Davey Shlasko is the founder and managing consultant of Think Again Training, an organization that provides training and consulting on implementing social justice practices in areas like gender diversity, LGB and trans inclusion, racial & economic inequality, coalition building and allyship. An alum of Smith’s undergraduate program, Shlasko earned a master’s degree from UMass Amherst in social justice education. Shlasko contributed to several editions of Teaching for Diversity and Social Justice and Readings for Diversity and Social Justice, and also authored Trans Allyship Workbook. At the Smith College School for Social Work, Shlasko teaches Sociocultural Concepts and Transgender Studies: Theory, Practice & Advocacy.
LaTasha Smith, LCSW, is a licensed clinical social worker and psychotherapist practicing in a college counseling center in New York State. In this position, LaTasha focuses on enhancing the mental health of college students and racialized populations. She maintains a private practice and has taught Social Work Practice, Outcome Evaluation and the first year M.S.W. Field Seminar as an adjunct instructor with Columbia University School of Social Work and Smith College School of Social Work. She has worked throughout her career with survivors of interpersonal trauma providing individual and group therapy in a variety of clinical settings.
LaTasha brings a clinical, socio-cultural and anti-racist perspective to her work that extends to her therapy practice, to the classroom and within systems, structures and communities to which she belongs. With this lens, LaTasha focuses on the presenting issues or tasks at hand and explores the influence that systems of oppression have on one’s experience and health. She has an eye towards critical awareness and perspective, capacity enhancing and devising solutions.
LaTasha is currently a Ph.D. candidate at Smith College School for Social Work. Her interests include racial identity development, mental health and wellness of black college students, transference and countertransference in clinical supervision, and the training, supervision and professional development of social workers. You can reach LaTasha at Llsmith@smith.edu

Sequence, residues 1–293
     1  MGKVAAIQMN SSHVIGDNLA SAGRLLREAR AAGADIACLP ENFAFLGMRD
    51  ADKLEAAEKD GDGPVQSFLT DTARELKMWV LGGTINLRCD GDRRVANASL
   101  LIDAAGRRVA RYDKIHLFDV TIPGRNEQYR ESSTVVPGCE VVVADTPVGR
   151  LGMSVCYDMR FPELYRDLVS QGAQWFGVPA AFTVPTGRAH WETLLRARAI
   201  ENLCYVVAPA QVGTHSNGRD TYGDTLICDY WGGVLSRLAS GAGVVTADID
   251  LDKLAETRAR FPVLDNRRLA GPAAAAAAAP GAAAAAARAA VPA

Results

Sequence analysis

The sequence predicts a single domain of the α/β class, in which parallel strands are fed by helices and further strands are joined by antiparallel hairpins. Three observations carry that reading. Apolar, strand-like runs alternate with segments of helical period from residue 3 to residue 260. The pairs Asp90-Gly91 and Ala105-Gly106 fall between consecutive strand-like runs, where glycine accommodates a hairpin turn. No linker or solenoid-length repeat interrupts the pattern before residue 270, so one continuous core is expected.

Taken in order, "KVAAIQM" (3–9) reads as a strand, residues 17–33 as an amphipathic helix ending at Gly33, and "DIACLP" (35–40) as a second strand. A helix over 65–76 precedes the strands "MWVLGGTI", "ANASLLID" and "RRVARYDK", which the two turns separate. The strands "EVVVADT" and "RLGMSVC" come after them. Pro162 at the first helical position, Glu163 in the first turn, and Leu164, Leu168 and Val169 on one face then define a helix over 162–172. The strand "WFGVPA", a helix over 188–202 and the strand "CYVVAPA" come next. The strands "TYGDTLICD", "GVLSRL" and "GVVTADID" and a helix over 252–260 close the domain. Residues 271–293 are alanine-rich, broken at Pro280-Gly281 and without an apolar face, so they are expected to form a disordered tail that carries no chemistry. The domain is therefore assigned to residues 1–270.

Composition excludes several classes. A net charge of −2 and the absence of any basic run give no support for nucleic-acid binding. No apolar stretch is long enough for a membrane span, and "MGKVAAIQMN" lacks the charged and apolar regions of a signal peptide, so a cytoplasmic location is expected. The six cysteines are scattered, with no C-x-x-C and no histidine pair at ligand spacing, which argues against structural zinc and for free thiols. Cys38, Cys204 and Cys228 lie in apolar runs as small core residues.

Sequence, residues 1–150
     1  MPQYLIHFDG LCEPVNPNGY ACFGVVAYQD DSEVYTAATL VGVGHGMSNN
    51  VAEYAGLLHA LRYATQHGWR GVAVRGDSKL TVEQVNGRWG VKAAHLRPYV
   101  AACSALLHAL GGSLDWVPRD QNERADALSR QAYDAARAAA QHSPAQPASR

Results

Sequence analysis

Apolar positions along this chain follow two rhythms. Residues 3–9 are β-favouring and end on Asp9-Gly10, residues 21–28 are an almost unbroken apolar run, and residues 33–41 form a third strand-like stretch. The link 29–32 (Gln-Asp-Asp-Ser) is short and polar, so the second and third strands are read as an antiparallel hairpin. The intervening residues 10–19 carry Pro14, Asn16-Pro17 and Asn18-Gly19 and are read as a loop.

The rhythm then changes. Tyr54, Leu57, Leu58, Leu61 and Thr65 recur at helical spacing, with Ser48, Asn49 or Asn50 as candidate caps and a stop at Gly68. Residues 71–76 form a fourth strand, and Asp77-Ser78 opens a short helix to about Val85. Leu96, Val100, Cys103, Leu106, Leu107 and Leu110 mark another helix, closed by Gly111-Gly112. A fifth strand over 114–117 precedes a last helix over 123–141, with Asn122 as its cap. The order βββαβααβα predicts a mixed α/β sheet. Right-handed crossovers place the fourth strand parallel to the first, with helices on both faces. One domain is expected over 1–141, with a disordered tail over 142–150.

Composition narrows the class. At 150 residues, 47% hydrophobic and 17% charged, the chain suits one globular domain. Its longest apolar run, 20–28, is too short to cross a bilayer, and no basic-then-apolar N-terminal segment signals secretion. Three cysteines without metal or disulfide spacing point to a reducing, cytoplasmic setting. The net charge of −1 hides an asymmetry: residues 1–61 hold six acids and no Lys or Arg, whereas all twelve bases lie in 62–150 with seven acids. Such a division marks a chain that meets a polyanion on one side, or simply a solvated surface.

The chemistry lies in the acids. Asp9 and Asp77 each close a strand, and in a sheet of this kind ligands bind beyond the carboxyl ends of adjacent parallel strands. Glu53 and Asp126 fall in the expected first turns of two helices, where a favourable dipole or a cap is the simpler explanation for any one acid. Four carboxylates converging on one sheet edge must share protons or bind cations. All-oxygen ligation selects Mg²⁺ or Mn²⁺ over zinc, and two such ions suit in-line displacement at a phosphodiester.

Nichole C. Wofford
Nichole C. Wofford, LMFT, LCSW, PhD Candidate, is a licensed marriage family therapist and licensed clinical social worker who has been working in the mental health field for more than 20 years. Nichole served as a program manager for a children’s outpatient mental health clinic for 10 years and currently works as the manager of a school district-wide family support center known as the Connect Center. Nichole has maintained a small private practice for the past 16 years and specializes in utilizing an intersectional clinical approach with her clients. Nichole specializes in working clinically with members of the African-American and LGBTQ communities.
For the past two years, Nichole has been the doctoral student representative of Dean Yoshioka’s Strategic Planning Committee. Her research interests include LGBTQ adolescent help-seeking behaviors, the impact of trauma on the mental health of LGBTQ PoC, and the pedagogical philosophy of teaching mental health assessment, diagnosis and treatment to M.S.W. students. Nichole has taught undergraduate psychology courses at San Francisco State University and has taught the HBSE 131 course as a Smith SSW adjunct professor since 2015. Connect with Nichole at email@example.com.